Exclusive: High speed, then a failed climb for doomed Ethiopia flightA voice from the cockpit of the Boeing 737 MAX requested to climb to 14,000 feet above sea level – about 6,400 feet above the airport – before urgently asking to return, the source told Reuters on condition of anonymity because the recording is part of an ongoing investigation. Addis Ababa is surrounded by hills and, immediately to the north, the Entoto Mountains.



Yahoo News – Latest News & Headlines

House Passes Year-End Tax Legislation That’s Seen as Doomed in Senate

House Passes Year-End Tax Legislation That’s Seen as Doomed in SenateThe Republican-controlled Senate has shown little interest in taking up the House’s package before members leave for the recess, even after the outgoing chairman of the House Ways and Means Committee, Kevin Brady, revised the package and included certain tax extenders to appease more moderate Senate GOP lawmakers. Brady had hoped that some of his tax package could be included in a year-end spending bill, but debate about border wall funding overshadowed smaller priorities.



Yahoo News – Latest News & Headlines

Doomed Lion Air jet was 'not airworthy' on penultimate flight

Doomed Lion Air jet was 'not airworthy' on penultimate flightA Lion Air jet that crashed into the sea off Indonesia last month was not in an airworthy condition on its second-to-last flight.



Yahoo News – Latest News & Headlines

Doomed Lion Air jet was 'not airworthy' on penultimate flight: investigators

Doomed Lion Air jet was 'not airworthy' on penultimate flight: investigatorsA preliminary report unveiled fresh details of efforts by pilots to steady the jet as they reported a “flight control problem”, including the captain’s last words to air traffic control asking to be cleared to “five thou” or 5,000 feet. Indonesia’s transport safety committee (KNKT) focused on airline maintenance and training and the response of a Boeing anti-stall system to a recently replaced sensor but did not give a cause for the crash that killed all 189 people on board. “At this stage I do not have the answer,” KNKT investigator Nurcahyo Utomo told reporters.



Yahoo News – Latest News & Headlines

Indonesia says situation facing crew of doomed Lion Air jet not in flight manual

Indonesia says situation facing crew of doomed Lion Air jet not in flight manualThe comments shed further light on the areas under scrutiny as investigators prepare to publish their preliminary report on Nov. 28 or 29, one month after the Lion Air Boeing 737 MAX dived into the Java Sea, killing all 189 on board. Now the investigation’s focus appears to be expanding to the clarity of U.S.-approved procedures to help pilots prevent the 737 MAX over-reacting to such a data loss, and methods for training them. Dennis Tajer, a 737 captain and spokesman for Allied Pilots Association (APA), which represents American Airlines Group Inc pilots, said his union was informed after the crash about a new system Boeing had installed on 737 MAX jets that could command the plane’s nose down in certain situations to prevent a stall.



Yahoo News – Latest News & Headlines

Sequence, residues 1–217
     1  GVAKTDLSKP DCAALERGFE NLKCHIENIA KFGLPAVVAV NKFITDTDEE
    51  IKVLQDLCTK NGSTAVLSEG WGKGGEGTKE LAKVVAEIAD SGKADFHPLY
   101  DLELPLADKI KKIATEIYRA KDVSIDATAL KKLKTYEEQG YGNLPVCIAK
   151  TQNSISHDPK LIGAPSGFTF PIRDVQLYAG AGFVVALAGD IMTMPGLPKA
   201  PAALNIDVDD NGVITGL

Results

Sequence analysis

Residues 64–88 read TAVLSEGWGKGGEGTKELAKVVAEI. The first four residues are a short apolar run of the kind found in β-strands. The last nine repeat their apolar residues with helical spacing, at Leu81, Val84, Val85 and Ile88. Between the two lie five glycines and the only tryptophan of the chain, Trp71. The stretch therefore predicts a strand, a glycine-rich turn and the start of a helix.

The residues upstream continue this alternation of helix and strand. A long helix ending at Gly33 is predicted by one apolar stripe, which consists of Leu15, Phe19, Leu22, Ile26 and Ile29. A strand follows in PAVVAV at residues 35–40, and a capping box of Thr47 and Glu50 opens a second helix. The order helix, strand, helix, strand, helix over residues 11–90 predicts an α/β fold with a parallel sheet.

Man says traffic made him miss doomed Lion Air crash, believed to have killed everyone on board

Man says traffic made him miss doomed Lion Air crash, believed to have killed everyone on boardA man who was supposed to be on the Lion Air jet that crashed on Monday



Yahoo News – Latest News & Headlines

Traffic saved Indonesian man from doomed Lion Air flight

Traffic saved Indonesian man from doomed Lion Air flightAn Indonesian man has described how Jakarta’s notorious traffic inadvertently saved his life on Monday after he arrived too late to catch the doomed Lion Air plane which plunged into the sea minutes after taking off. Sony Setiawan, an official in Indonesia’s finance ministry, had meant to be on board the ill-fated flight JT610, a journey he and his colleagues caught on a weekly basis. “I usually take (flight) JT610 — my friends and I always take this plane,” Setiawan told AFP.



Yahoo News – Latest News & Headlines

MH370 captain 'deliberately evaded radar' during final moments of doomed flight

MH370 captain 'deliberately evaded radar' during final moments of doomed flightAviation experts believe they may have solved the mystery of the disappearance of flight MH370, saying the 239 passengers and crew were the victims of a deliberate, criminal act carried out by the plane’s captain. The fate of the Boeing 777 has mystified investigators ever since it went missing en route from Kuala Lumpur to Beijing in 2014. However, a panel of experts assembled for the Australian TV programme 60 Minutes says the evidence suggests Captain Zaharie Amad Shah executed a careful series of manoeuvres to evade detection and ensure the plane disappeared in a remote location. Martin Dolan, former head of the Australia Transport Safety Bureau, who led the two-year search for the missing plane, said: “This was planned, this was deliberate, and it was done over an extended period of time.” The plane was presumed to have flown on autopilot before running out of fuel and plunging into the southern Indian Ocean. However, the wreckage has never been found and the search was suspended in January last year. The search for MH370 The panel suggested a more gradual descent could mean the search was concentrated in the wrong area and that the plane could still be found largely intact. Simon Hardy, a Boeing 777 instructor, said Captain Zaharie avoided detection by flying a careful course along the winding border between Malaysian and Thai air space, crossing in and out of radar cover on either side. “So both of the controllers aren’t bothered about this mysterious aircraft. Cause it’s, ‘Oh, it's gone. It’s not in our space any more,’” he told the programme, which was broadcast on Sunday. Survey ship HMS Echo and a Lockheed P-3 Orion during the early days of the search in the southern Indian Ocean Credit: Press Association “If you were commissioning me to do this operation and try and make a 777 disappear, I would do exactly the same thing.” He also pointed out the Malaysian captain had made an unexplained turn to fly over his home town of Penang. “Somebody was looking out the window, It might be a long, emotional goodbye or a short, emotional goodbye to his home town,” he said. A modern mystery | Malaysia Airlines Flight 370 Larry Vance, a veteran air crash investigator, told the programme the public could be confident in a growing consensus about the plane’s final moments and that the pilot was intent on killing himself. “Unfortunately, he was killing everybody else on board, and he did it deliberately,” he added.



Yahoo News – Latest News & Headlines